Clearly, in regard to the game web site example discussed above, it would be desirable for a prospective player to connect to the game web site and be provided a relatively short list that includes only those multiplayer games that are installed on the person's PC and which are available for play on the game web site. The list should thus include only those games for which an acceptable version of the game software has been installed on the PC, avoiding the disappointment that may occur if the person selects a game and then is advised that additional software must be purchased and installed on the person's PC in order for the person to participate in multiplayer play of the selected game on the web site. The same approach should also be applicable to providing a personalized web page that includes other types of options presented to a person connecting to a web site, so that only those options for which the appropriate required software is installed on the person's PC will be presented in the personalized web page. It will clearly be much more efficient to enable a choice of only the options in which the person can actually participate.
Currently, Microsoft Corporation's MSN MESSENGER™ instant messaging program automatically determines the multiplayer games that are installed on a participant's PC and displays a list of the games when the person selects the Activity Menu, where each such installed game is listed in an entry as “Start (game name).” The user can select one of these listed options along with a contact who will be invited to play the game, assuming that the invited contact also has the game installed on the PC used by the contact when responding to the invitation. However, the listed installed game programs are simply added to the menu of MSN MESSENGER, and there is not interaction between the PC and any server hosting a game. Instead, the list of games is created by MSN MESSENGER without regard to anything other than the gaming software installed on the user's PC. Accordingly, the approach used in MSN MESSENGER would not be helpful in addressing the problem of selecting a game from among a hierarchical or long list of games on a game web site, as discussed above.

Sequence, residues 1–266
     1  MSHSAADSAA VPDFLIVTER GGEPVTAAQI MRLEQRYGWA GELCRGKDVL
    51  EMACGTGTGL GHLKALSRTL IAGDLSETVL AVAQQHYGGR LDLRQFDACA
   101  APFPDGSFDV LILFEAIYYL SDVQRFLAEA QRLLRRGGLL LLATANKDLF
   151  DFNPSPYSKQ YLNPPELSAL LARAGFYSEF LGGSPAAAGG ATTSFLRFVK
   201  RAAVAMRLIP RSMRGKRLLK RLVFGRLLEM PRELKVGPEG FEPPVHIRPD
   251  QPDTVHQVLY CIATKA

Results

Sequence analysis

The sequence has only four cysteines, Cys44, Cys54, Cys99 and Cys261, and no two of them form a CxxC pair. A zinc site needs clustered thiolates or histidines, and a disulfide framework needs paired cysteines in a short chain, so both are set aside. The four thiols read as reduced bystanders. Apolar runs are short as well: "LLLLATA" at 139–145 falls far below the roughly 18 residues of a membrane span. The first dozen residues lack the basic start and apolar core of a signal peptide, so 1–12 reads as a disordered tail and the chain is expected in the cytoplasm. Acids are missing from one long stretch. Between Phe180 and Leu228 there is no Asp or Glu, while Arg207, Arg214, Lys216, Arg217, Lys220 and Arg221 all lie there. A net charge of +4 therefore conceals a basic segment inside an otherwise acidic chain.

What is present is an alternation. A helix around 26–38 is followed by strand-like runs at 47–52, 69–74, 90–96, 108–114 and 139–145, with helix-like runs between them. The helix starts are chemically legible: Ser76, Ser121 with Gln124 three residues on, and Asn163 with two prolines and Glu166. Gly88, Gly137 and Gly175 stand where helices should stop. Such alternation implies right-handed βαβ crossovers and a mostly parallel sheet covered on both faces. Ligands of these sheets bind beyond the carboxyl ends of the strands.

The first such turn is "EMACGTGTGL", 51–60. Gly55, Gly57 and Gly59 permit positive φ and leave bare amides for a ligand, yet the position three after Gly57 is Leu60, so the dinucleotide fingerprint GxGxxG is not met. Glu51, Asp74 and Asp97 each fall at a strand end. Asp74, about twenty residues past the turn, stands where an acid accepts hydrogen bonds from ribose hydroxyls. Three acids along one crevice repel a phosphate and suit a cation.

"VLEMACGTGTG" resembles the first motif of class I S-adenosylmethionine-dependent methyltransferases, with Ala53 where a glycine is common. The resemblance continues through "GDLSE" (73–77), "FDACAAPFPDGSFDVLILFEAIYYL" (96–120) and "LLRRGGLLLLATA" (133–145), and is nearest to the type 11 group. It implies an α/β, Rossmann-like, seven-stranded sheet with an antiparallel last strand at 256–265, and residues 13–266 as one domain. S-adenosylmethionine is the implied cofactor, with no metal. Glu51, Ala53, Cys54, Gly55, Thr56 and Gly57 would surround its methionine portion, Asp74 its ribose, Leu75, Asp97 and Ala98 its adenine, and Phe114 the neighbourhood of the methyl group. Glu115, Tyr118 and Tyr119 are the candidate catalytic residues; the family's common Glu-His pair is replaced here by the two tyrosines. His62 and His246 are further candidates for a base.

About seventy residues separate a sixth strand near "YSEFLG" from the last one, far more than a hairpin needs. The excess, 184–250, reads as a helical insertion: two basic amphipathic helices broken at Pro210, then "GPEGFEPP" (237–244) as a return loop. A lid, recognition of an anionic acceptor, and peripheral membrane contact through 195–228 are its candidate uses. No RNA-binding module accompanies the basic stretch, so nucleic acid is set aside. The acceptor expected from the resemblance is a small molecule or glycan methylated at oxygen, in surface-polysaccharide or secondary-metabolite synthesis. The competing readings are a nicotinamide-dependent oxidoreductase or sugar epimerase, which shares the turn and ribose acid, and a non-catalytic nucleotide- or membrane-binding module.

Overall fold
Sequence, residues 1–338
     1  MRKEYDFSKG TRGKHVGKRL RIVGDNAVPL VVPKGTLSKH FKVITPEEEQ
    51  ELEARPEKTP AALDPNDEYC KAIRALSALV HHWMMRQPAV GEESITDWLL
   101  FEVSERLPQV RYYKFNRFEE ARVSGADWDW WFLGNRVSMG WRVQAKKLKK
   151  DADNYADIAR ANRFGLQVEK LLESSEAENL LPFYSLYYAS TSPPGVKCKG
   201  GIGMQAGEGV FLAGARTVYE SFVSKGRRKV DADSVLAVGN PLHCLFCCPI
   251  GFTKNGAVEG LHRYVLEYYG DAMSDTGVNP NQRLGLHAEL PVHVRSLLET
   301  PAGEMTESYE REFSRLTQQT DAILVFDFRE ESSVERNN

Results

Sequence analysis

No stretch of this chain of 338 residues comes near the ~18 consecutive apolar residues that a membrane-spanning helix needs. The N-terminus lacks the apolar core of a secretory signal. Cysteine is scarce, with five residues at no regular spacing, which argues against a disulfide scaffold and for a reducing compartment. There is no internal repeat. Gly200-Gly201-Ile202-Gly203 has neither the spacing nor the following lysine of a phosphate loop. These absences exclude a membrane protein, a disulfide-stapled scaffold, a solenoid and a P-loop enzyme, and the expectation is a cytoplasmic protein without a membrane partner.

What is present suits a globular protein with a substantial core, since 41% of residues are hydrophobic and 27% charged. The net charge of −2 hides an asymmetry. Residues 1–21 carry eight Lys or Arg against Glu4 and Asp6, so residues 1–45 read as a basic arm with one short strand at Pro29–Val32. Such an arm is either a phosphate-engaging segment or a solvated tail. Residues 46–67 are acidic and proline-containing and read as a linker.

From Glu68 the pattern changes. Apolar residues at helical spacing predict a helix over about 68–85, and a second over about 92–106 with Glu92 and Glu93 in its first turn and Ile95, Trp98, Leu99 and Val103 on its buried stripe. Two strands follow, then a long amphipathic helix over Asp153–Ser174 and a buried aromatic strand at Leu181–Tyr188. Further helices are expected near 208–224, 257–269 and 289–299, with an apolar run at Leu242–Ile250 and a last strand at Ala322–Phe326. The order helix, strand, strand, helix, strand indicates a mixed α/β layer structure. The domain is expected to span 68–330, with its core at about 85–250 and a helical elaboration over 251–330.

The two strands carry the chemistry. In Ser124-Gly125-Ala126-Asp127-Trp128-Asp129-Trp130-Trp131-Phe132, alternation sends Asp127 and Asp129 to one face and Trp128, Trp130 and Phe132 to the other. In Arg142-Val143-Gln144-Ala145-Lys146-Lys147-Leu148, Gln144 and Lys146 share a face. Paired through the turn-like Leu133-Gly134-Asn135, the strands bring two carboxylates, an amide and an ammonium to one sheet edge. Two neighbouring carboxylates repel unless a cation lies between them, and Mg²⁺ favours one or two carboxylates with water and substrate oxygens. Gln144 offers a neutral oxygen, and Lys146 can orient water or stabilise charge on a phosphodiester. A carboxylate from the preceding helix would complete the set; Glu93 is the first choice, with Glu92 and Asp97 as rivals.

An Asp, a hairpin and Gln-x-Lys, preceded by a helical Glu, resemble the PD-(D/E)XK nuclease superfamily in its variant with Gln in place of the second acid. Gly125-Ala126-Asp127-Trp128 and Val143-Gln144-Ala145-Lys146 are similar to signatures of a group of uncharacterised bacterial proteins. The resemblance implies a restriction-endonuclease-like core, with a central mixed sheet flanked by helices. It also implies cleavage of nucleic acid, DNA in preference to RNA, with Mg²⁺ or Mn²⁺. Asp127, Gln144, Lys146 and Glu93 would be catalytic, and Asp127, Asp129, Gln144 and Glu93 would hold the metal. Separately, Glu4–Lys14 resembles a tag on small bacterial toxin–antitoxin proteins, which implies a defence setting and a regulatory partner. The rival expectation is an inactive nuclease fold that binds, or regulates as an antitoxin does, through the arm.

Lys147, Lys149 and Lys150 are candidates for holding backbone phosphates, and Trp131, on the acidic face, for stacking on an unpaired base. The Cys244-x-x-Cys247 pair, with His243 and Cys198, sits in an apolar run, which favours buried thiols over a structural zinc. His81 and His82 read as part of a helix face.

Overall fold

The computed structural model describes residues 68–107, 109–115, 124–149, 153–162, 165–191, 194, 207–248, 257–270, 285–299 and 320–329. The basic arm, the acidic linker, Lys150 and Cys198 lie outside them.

A key aspect of the present invention is that a person accessing a web site should not be required to view all of the interactive options that are available at the web site, since the list or hierarchical categories in which the options are presented may be rather lengthy, and the person may not be able to actually participate in many of the interactive options that require specific software programs be installed on the person's computer or other computing device that is being used to connect to the web site. Accordingly, one aspect of the present invention is directed to a method for personalizing a web page displayed to a user when accessing such a web site so that the personalized web page only lists those available interactive options in which the user may participate, thus enabling the user to more efficiently select one of the interactive options.